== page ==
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Taxonomy and diversity of the sponge fauna from Walters Shoal, a shallow seamount in the Western Indian Ocean region

By Robyn Pauline Payne


Seamounts are poorly understood ubiquitous undersea features, with less than 4% sampled for scientific purposes globally. Consequently, the fauna associated with seamounts in the Indian Ocean remains largely unknown, with less than 300 species recorded. One such feature within this region is Walters Shoal, a shallow seamount located on the South Madagascar Ridge, which is situated approximately 400 nautical miles south of Madagascar and 600 nautical miles east of South Africa. Even though it penetrates the euphotic zone (summit is 15 m below the sea surface) and is protected by the Southern Indian Ocean Deep-Sea Fishers Association, there is a paucity of biodiversity and oceanographic data. Thus, a multidisciplinary cruise was initiated in May 2014 on the FRS Algoa as a component of the African Coelacanth Ecosystem Programme. The research presented here focuses exclusively on the diversity, bathymetric distribution patterns and biogeographic affiliations of the sponge fauna of this seamount. Sponges were sampled using SCUBA and a roughed epibenthic sled, from the peak and down two opposing slopes of the seamount, to a depth of 500 m. Two hundred and fifty-five sponge specimens were collected, comprising 78 operational taxonomic units (OTU’s), 23 of which are known to science, 26 which are possibly new, 16 that could only be identified to higher taxonomic levels and 13 that could only be designated as morphospecies. Thirteen OTU’s are formally described here, four which are known, and nine possibly new to science. Sponge assemblages demonstrated no significant difference according to location on the shoal, with several species shared by both the western and eastern flanks. In contrast, sponge assemblages differed significantly according to depth, with the mesophotic zone (31 – 150 m) acting as a transition between the shallow (15 – 30 m) and submesophotic (> 150 m) zones. Species richness and the number of putative new species was highest in the submesophotic zone. Biogeographical affiliations were found with both the Western Indo-Pacific and Temperate Southern African realms based on the 23 known species recorded. No affiliations were found with the West Wind Drift Island Province, as has been documented previously for the fish fauna of this seamount, possibly due to the incomplete nature of the online database (World Porifera Database) used to assess affinities. Thirty-nine percent of the known sponge species found at Walters Shoal Seamount are widely distributed in the Indian Ocean, 35% are found exclusively within the Western Indian Ocean region, with this study representing the southernmost distribution record for several of these, and 26% have a restricted distribution around South Africa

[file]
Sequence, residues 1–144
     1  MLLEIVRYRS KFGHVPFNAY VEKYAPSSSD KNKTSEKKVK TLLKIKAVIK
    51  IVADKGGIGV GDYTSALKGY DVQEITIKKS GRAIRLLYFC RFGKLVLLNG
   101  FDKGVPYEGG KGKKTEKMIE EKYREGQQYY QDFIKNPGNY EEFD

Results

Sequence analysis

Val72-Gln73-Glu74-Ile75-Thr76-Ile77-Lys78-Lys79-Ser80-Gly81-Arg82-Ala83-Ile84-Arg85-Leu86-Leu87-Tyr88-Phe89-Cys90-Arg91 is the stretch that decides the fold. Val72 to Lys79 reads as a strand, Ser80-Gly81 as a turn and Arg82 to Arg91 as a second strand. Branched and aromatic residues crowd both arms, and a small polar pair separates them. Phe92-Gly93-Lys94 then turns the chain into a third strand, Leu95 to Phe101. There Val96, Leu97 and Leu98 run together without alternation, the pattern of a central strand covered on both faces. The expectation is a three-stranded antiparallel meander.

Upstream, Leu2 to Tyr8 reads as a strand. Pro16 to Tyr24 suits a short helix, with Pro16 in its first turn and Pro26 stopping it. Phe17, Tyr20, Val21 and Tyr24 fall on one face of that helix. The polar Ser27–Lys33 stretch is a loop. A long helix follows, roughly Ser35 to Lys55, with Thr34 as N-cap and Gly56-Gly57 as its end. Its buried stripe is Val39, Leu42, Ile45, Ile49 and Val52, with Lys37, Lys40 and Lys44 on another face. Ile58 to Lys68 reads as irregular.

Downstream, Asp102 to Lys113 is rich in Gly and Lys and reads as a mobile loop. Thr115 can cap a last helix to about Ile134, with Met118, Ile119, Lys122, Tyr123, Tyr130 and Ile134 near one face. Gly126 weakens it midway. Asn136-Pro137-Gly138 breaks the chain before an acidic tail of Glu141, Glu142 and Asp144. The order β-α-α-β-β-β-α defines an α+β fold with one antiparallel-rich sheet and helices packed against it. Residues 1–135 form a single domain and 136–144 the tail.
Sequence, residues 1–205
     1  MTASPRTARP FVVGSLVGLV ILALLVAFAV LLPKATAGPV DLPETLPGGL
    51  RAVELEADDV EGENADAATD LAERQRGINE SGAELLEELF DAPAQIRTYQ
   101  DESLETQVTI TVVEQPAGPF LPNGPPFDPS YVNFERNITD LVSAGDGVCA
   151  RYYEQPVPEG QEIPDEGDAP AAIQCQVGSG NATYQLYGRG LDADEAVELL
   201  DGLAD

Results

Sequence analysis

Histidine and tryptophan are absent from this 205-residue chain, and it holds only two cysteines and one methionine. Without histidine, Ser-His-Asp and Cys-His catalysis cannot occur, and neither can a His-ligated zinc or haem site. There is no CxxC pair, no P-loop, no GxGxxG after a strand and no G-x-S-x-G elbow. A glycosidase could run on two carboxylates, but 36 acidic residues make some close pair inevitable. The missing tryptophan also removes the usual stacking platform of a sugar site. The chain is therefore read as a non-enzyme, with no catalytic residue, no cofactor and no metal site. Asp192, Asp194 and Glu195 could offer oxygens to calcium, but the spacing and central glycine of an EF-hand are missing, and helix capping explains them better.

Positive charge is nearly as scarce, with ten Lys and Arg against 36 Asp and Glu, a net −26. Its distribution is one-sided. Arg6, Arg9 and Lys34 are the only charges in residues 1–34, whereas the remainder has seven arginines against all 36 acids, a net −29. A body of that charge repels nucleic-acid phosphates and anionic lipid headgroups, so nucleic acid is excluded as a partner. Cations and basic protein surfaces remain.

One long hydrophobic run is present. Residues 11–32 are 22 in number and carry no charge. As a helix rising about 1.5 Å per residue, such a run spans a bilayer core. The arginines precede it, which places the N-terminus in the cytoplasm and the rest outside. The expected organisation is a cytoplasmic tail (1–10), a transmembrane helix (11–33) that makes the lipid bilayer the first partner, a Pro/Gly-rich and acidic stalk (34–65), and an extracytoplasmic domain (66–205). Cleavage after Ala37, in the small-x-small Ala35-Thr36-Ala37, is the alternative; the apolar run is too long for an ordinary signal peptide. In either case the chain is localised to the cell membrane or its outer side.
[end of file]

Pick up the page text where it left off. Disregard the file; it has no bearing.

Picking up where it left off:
Publisher: 'University of the Western Cape Library Service'
Year: 2015
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